Yet, as in one sense the humblest, in another they are the most honoured of the earth-children. Unfading as motionless, the worm frets them not, and the autumn wastes not. Strong in lowliness, they neither blanch in heat nor pine in frost. To them, slow-fingered, constant-hearted, is entrusted the weaving of the dark, eternal tapestries of the hills ; to them, slow-pencilled, iris-eyed, the tender framing of their endless imagery. Sharing the stillness of the unimpassioned rock, they share also its endurance ; and while the winds of departing spring scatter the white hawthorn blossom like drifted snow, and summer dims on the parched meadow the drooping of its cowslip-gold,-far above, among the mountains, the silver lichen-spots rest star-like on the stone ; and the gathering orange-stain upon the edge of yonder western peak reflects the sunsets of a thousand years.

JOHN RUSKIN.

OFFICE OF THE MOUNTAINS.

It is deeply necessary for all men to consider the magnificence of the accomplished purpose, and the depth of the wisdom and love which are manifested in the ordinances of the hills. For observe, in order to bring the world into the form which it now bears, it was not mere sculpture that was needed; the mountains could not stand for a day unless they were formed of materials altogether different from those which constitute the lower hills, and the surfaces of the valleys. A harder substance had to be prepared for every mountain chain ; yet not so hard but that it might be capable of crumbling down into earth fit to nourish the alpine forest and the alpine flower; not so hard but that, in the midst of the utmost majesty of its enthroned strength, there should be seen on it the seal of death, and the writing of the same sentence that had gone forth against the human frame, ‘Dust thou art, and unto dust shalt thou return.' And with this perishable substance the most majestic forms were to be framed that were consistent with the safety of man; and the peak was to be lifted, and the cliff rent, as high and as steeply as was possible, in order yet to permit the shepherd to feed his flocks upon the slope, and the cottage to nestle beneath their shadow.

And observe, two distinct ends were to be accomplished in the doing this. It was, indeed, absolutely necessary that such eminences should be created, in order to fit the earth in any wise for human habitation, for without mountains the air could not be purified, nor the flowing of the rivers sustained, and the earth must have become for the most part desert plain or stagnant marsh. But the feeding of the rivers and the purifying of the winds are the least of the services appointed to the hills. To fill the thirst of the human heart for the beauty of God's working,—to startle its lethargy with the deep and pure agitation of astonishment,are their higher missions. They are as a great and noble architecture; first giving shelter, comfort, and rest; and covered also with mighty sculpture and painted legend. It is impossible to examine in their connected system the features of even the most ordinary mountain scenery, without concluding that it has been prepared in order to unite as far as possible, and in the closest compass, every means of delighting and sanctifying the heart of man. "As far as possible ;' that is, as far as is consistent with the fulfilment of the sentence of condemnation on the whole earth. Death must be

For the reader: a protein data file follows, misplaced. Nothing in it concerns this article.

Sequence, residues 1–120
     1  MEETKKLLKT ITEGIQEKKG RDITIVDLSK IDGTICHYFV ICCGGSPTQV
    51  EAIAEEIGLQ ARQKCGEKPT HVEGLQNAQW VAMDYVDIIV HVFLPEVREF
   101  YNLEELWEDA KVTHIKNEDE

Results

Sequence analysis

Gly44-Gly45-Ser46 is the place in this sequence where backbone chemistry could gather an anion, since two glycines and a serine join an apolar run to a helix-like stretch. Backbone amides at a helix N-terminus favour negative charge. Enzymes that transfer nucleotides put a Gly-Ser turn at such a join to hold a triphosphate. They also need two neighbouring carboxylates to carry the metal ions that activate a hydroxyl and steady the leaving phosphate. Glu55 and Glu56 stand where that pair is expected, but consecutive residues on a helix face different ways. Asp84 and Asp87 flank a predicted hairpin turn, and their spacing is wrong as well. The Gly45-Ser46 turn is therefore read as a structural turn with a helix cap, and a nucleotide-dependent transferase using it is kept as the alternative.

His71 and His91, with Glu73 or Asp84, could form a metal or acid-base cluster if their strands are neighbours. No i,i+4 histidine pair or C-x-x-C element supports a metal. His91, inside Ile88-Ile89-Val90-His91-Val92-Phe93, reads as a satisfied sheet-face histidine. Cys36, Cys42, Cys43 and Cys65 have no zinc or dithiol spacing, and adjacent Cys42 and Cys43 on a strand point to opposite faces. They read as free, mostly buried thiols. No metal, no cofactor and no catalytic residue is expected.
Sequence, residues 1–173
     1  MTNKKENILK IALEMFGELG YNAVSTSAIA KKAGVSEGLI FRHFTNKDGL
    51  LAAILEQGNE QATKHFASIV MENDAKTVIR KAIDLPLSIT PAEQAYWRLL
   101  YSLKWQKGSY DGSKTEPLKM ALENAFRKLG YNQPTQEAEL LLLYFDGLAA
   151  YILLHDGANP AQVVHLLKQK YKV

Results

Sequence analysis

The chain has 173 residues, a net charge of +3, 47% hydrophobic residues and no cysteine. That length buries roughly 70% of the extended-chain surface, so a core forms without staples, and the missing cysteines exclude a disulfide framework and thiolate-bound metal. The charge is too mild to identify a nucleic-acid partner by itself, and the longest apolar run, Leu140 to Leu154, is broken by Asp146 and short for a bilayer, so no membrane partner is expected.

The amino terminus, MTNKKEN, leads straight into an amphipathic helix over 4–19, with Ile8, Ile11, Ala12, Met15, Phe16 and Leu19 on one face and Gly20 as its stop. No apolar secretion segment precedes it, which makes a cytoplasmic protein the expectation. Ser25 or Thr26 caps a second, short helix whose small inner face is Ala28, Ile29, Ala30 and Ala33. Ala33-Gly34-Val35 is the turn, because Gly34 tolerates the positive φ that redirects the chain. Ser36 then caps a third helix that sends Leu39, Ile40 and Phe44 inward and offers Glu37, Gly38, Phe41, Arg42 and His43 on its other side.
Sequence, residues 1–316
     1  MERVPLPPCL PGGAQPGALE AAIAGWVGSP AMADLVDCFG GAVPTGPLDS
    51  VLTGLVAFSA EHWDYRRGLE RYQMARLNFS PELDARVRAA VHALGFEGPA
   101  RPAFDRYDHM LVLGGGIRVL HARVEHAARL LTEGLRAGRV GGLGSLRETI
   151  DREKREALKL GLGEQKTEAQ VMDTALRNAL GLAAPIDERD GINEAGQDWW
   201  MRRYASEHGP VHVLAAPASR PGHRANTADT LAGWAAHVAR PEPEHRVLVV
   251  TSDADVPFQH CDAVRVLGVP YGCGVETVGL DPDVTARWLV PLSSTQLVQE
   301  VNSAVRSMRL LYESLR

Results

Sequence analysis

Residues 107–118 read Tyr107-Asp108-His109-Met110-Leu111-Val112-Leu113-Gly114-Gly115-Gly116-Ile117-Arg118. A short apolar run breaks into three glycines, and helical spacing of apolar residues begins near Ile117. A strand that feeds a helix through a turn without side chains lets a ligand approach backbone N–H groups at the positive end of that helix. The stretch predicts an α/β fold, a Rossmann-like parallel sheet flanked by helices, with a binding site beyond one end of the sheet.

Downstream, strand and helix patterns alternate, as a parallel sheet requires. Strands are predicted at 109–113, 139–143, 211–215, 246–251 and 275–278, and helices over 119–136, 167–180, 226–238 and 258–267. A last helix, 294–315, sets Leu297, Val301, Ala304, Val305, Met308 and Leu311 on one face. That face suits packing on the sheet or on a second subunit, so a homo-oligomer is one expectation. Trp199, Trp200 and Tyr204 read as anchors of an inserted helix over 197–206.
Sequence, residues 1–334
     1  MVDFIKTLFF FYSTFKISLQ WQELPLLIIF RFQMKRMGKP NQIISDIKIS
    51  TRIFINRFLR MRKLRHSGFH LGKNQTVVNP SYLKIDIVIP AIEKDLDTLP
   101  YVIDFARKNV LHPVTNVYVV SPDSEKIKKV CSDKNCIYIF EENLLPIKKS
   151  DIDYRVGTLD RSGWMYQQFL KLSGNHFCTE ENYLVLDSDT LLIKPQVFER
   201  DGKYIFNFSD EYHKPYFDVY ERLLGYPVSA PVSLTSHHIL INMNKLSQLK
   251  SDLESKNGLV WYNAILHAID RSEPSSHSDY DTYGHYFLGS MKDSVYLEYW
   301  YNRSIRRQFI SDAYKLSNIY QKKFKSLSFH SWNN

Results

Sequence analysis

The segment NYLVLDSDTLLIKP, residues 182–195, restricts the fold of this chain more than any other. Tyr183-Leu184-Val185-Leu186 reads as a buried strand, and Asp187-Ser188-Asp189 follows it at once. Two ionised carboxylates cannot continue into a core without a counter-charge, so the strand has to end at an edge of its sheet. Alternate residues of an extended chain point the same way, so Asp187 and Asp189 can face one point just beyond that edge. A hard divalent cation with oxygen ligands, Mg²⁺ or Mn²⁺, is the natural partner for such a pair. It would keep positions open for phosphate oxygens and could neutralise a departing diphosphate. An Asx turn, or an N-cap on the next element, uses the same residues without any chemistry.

upon the hills, and the cruelty of the tempests smite them, and the briar and thorn spring up upon them ; but they so smite as to bring their rocks into the fairest forms; and so spring as to make the very desert blossom as the rose.

Even among our own hills of Scotland and Cumberland, though often too barren to be perfectly beautiful, and always too low to be perfectly sublime, it is strange how many deep sources of delight are gathered into the compass of their glens and vales; and how, down to the most secret cluster of their far-away flowers, and the idlest leap of their straying streamlets, the whole heart of nature seems thirsting to give, and still to give, shedding forth her everlasting beneficence with a profusion so patient, so passionate, that our utmost observance and thankfulness are but, at last, neglect of her nobleness and apathy to her love.

But among the true mountains of the greater orders, the Divine purpose of appeal at once to all the faculties of the human spirit, becomes still more manifest. Inferior hills ordinarily interrupt, in some degree, the richness of the valleys at their feet; the grey downs of southern England, and treeless coteaux of central France, and grey swells of Scottish moor, whatever charm they may possess in themselves, are at least destitute of those which belong